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©2014 Northeastern WI Audubon Society, Inc.

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Check our calendar for more events
Big Bay Birdathon & Photography Results
Oconto StoryWalks promote nature

Bird City-Wisconsin
Swift Tower Ready For Use!
Natural Landscaping Demonstration Plot
Prevent Birds from Hitting Your Windows
Birds and Lead: update your tackle
Open pipes are a bird deathtrap
Birds & Bats Bound by Burdock

Birding Checklists      MORE Ongoing Projects

 

No More Extinctions

Prof. Stan Temple inspired us at our 2014 banquet with his presentation on "Lessons from the Passenger Pigeon." By using our best understanding of species and ecosystem ecology in managing our natural resources, we should be able to prevent further extinctions. Too often recently, he says, we are seeing population limits set by legislation. This prevents resource managers from making adjustments that reflect changing conditions.

Flocks of millions of Passenger Pigeons seemed to be an unlimited resource. Since their lifestyle consisted of continual movement over a broad area of the eastern woodlands, they were never exposed to mass congregations of hunters. This changed once the telegraph was invented. The location of flocks was quickly known by market hunters. Trainloads of these birds were shipped to cities for meat. Since the appearance of the flocks was so sporadic in any one location, no one became alarmed when they didn't see the birds, and the drastic reduction in their numbers went unnoticed until it was too late. As a side note, scientists now believe there is a link to the Passenger Pigeon extinction and the widespread of Lyme Disease: without the pigeons consuming abundant acorn crops, there has been an increase in small rodent populations which eat acorns. These rodents are the primary reservoir for the disease spirochete (deer are only the carriers of the ticks).

Project Passenger Pigeon is marking the 100 year anniversary of the death of the last Passenger Pigion by a) familiarizing people with the passenger pigeon and its extinction, b) exploring how human activity impacts other species, and c) motivating people to take actions that both promote biodiversity and prevent human-caused extinctions.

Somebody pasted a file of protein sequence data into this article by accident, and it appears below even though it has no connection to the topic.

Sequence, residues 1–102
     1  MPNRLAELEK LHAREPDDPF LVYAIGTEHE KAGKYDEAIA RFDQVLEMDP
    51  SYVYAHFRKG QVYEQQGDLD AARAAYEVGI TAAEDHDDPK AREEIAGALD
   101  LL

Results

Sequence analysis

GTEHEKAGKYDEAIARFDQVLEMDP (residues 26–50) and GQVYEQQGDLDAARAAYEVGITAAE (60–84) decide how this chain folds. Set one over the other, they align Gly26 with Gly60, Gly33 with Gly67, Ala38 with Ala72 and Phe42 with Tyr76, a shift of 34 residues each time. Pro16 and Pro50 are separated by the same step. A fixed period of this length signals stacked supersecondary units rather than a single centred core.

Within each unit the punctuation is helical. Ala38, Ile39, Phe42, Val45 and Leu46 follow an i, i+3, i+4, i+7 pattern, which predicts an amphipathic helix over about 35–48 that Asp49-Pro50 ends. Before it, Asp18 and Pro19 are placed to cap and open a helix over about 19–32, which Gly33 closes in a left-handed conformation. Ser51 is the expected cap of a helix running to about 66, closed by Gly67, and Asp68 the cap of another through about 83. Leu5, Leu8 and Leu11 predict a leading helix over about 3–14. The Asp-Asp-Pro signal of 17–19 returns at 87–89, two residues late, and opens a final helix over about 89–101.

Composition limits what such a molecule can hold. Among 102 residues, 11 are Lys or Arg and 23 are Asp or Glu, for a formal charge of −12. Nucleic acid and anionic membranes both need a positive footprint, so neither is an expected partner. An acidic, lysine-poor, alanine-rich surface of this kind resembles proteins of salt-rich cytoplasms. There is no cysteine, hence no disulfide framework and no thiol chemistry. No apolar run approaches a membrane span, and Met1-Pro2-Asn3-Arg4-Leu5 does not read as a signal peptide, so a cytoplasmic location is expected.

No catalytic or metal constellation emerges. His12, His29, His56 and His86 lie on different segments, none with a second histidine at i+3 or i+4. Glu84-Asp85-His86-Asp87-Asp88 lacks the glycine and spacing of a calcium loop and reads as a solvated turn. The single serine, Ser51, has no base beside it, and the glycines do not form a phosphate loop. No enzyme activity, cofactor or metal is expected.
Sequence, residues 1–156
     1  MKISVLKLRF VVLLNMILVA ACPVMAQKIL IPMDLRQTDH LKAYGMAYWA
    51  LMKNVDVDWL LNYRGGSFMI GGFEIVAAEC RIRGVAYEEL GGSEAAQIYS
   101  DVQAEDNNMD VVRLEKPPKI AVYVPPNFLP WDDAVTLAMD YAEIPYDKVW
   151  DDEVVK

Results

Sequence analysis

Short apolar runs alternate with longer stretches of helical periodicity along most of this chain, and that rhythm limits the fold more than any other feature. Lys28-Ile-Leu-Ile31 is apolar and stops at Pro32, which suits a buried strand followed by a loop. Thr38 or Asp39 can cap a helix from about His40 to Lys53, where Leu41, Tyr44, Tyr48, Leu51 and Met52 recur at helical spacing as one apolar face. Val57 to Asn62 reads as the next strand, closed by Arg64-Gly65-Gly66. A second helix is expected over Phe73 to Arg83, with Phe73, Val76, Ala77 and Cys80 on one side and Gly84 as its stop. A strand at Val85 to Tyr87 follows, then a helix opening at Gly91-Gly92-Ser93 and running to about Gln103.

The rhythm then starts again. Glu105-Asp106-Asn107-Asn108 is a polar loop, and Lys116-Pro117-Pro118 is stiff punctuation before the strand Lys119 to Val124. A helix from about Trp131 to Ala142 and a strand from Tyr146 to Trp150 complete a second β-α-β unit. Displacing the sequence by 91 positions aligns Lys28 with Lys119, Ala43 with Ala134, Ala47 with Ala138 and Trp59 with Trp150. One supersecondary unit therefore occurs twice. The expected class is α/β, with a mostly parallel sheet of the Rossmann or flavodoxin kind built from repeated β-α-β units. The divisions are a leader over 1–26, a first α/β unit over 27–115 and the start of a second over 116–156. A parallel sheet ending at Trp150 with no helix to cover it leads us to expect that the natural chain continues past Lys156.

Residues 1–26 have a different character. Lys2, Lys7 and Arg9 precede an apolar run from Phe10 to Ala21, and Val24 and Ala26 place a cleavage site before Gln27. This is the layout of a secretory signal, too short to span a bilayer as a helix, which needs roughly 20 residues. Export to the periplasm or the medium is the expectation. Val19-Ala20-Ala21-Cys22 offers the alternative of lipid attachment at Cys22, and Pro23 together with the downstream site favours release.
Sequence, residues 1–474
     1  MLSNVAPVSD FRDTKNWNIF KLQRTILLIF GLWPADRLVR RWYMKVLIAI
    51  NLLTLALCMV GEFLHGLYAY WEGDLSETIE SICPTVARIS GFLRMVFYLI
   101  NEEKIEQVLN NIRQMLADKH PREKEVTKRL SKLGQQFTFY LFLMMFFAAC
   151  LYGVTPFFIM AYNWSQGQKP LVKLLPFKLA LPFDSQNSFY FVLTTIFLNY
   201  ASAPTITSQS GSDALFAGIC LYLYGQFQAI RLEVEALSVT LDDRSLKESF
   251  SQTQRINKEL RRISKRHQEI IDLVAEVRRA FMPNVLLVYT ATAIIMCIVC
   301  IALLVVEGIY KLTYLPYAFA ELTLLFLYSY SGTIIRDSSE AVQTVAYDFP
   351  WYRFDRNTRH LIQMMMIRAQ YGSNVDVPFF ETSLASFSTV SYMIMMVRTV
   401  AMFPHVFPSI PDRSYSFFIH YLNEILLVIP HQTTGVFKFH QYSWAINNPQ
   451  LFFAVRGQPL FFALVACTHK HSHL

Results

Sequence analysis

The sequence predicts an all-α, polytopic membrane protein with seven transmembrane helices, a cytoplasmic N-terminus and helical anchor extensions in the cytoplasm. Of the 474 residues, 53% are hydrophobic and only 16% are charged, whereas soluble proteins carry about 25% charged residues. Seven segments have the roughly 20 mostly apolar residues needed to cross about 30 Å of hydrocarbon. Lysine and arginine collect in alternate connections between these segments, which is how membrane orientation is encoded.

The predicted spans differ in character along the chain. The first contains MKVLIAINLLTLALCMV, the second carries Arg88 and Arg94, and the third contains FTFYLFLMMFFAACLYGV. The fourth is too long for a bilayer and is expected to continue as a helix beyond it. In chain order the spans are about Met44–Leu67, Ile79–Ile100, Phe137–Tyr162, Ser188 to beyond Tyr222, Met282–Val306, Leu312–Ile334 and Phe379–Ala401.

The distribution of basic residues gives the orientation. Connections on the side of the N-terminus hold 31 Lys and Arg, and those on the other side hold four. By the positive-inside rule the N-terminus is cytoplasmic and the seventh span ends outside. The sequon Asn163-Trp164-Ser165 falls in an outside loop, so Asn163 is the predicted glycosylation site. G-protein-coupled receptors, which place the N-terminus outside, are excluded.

Check them out.

Open pipes=bird death trap

The Kern River Preserve in California discovered a 8" vent tube with hundreds of dead bird skulls and carcasses inside.

Sean Rowe of Audubon California's Kern River Preserve suggests the following: Pipes of all sizes are a problem.  We have found dead birds in pipes from 1 1/2” to 10” in diameter.  A very high percentage of pipes I’ve looked into contain at least one dead bird.  And pipes don’t have to be in place very long.  Twice I have leaned a 3” steel pipe against a building, expecting to use it within a few days, only to find dead birds inside.  2 House Finches in one and a Rock Wren in another.

  • In our area 8-10” steel pipe (often old well casing) is used to make gate posts. We’ve documented dead American Kestrels, Northern Flickers, Ash-throated Flycatchers, and western fence lizards.
  • "3” steel pipe – used for fence corner posts – house finches & rock wren
  • "1 1/2 - 2” plastic pipe – tree swallow
  • "2-3” outhouse vent pipe – common yellowthroat

Solutions:

  • Remove pipes that can be removed
  • Plug pipes with sand/gravel or a heavy well fitted rock.  Even a few sticks if absolutely nothing else around.
  • Pipes that can’t be capped – eg. Plumbing vent pipes (on your rooftop) – cover with1/4” mesh hardware cloth held in place by a stainless steel hose clamp
  • Large gate posts – fill with sand, concrete or gravel.  Weld on steel caps – some ranches do this, or we have capped with a concrete plug.
  • Small steel pipes – used for signs or chain link fence posts – cap with metal cap or crimp top together." 

In addition, Mary Whitfield says, "I was just on the roof of my house and found three uncapped plumbing vent pipes on it, I'll be covering them this weekend."

Click here for a guide (567kb pdf) for land managers and home owners was prepared by Kern River Audubon.